Getting Ready for Winter Travel

Weather forecasters are predicting a severe winter for the Northeast. Last year, Boston struggled with a “Snowpocalypse” in late February, and this year’s El Nino weather patterns may leave us with even more snow. As the cold fronts move in after the unusually warm holiday season, here are cold weather vehicle maintenance and driving tips you need to stay safe and prepared for the worst of winter in 2016:

Vehicle Maintenance

  • Take your car in for a tune-up. If it’s been a while since you had your tires rotated, your alignment checked, or other maintenance tasks completed, consider taking your car to the shop. Keep up with your manual’s recommended service schedule to make sure your vehicle is running strong to avoid breakdowns.
  • Use fuel deicer once a month. When the temperatures really drop, ice could buildup in your fuel line. You can also avoid ice buildup by keeping your tank filled. Fill up when you reach half a tank, and you’ll always be ready to go in the event of an emergency.
  • Double check your battery. You don’t want to get caught out in the cold one night because your battery isn’t working. Consider investing in an automatic jump-starter if your battery is older, and stop by an auto shop to have your battery tested occasionally.
  • Keep your tires in good shape. Worn treads lose grip much easier than fresh ones. Tires are expensive, but rotating them regularly and replacing them as needed is worth the investment. Check your tire pressure anytime the seasons change to ensure low pressure isn’t affecting your vehicle’s handling.
  • Create an emergency kit. In below-freezing weather, people have died in broken down vehicles. In the middle of Boston, you can probably find a warm place to go, but if you drive outside of the city or go somewhere unfamiliar, you may need an emergency kit. Keep extra layers, blankets, self-heating packets, food, flashlights, and water in your trunk. If you regularly travel with children, consider including more in your kit.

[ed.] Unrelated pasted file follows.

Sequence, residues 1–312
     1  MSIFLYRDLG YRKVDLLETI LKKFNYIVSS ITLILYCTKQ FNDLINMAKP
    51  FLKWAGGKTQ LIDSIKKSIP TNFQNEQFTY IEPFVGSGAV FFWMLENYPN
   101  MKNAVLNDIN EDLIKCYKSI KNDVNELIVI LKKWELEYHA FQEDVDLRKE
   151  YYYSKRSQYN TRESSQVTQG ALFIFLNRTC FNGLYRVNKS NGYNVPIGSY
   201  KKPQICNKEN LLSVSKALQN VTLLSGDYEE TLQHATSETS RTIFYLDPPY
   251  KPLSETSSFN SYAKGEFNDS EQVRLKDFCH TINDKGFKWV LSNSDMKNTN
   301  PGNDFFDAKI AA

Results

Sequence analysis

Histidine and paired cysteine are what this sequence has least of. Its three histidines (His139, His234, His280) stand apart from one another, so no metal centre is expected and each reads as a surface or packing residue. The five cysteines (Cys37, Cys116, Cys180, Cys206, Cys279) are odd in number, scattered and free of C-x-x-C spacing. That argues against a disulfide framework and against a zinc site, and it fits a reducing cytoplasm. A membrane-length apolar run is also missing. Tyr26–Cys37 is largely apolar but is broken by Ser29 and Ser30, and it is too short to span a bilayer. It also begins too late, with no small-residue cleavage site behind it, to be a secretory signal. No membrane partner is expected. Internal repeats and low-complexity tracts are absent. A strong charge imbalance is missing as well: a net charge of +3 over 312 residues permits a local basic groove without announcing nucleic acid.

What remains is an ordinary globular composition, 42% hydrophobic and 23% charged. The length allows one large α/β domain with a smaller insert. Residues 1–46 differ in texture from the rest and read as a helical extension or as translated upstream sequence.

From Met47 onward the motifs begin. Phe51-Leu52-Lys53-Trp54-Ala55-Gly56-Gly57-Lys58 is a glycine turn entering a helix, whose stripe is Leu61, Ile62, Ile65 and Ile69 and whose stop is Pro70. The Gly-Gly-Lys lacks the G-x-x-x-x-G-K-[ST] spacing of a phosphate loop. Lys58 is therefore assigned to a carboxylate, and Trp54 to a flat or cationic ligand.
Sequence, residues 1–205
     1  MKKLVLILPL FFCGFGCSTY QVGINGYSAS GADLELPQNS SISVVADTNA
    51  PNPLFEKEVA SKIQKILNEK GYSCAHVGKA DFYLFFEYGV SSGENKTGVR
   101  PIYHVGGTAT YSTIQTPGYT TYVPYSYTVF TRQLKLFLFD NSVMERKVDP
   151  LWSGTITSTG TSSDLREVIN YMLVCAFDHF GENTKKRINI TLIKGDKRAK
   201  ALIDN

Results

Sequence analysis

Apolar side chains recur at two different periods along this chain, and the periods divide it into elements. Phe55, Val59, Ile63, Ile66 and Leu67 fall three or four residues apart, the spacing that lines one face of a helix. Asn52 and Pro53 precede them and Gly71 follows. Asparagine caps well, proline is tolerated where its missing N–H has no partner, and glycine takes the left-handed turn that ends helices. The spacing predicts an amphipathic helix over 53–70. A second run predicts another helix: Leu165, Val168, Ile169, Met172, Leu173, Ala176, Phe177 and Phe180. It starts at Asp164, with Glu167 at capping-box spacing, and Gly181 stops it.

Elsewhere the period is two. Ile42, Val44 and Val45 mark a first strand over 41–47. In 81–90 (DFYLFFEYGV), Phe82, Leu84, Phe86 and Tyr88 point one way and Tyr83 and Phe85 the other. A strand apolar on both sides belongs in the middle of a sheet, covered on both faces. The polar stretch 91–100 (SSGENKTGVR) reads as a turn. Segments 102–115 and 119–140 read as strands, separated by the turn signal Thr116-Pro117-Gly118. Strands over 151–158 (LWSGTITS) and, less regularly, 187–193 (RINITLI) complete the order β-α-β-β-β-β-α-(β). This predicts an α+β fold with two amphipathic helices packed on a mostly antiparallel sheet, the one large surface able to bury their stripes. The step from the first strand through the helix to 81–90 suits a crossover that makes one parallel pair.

• Check the liquids. Use the most concentrated level of antifreeze you can during winter and cold weather rated windshield washer fluid. Keep both maintained throughout the winter season.

Winter Driving Tips

  • Remember to keep your tailpipe clear if you get stranded. If you do end up stranded in winter, hopefully you have close to a full gas tank. You don’t have to worry about keeping your engine cranked up as long as you keep the tailpipe free of snow and debris.
  • Keep your cellphone charged. In the event of a weather emergency, your cellphone will help you stay in touch with family and emergency services if you get stuck.
  • Clear your car off before you drive. Have you ever had a chunk of hardened snow fly at you from the top of someone else’s vehicle? Always take the time to brush your car off completely before heading off in snowy weather.
  • Drive slowly. Your tires will handle differently on snowy/icy roads, and a slick patch can come up in the blink of an eye. Do everything much slower than you normally would. Dispense with normal Boston-driving habits in favor of extreme caution. Leave room between vehicles, and remember to turn, accelerate, and brake gently.
  • Never use cruise control. In summer on a long stretch of road, cruise control is great. In winter, it’s a hazard. You can respond more quickly to any unsafe condition if you’re in complete control of the vehicle.
  • If the weather station says to stay home, don’t go out unless you absolutely must.

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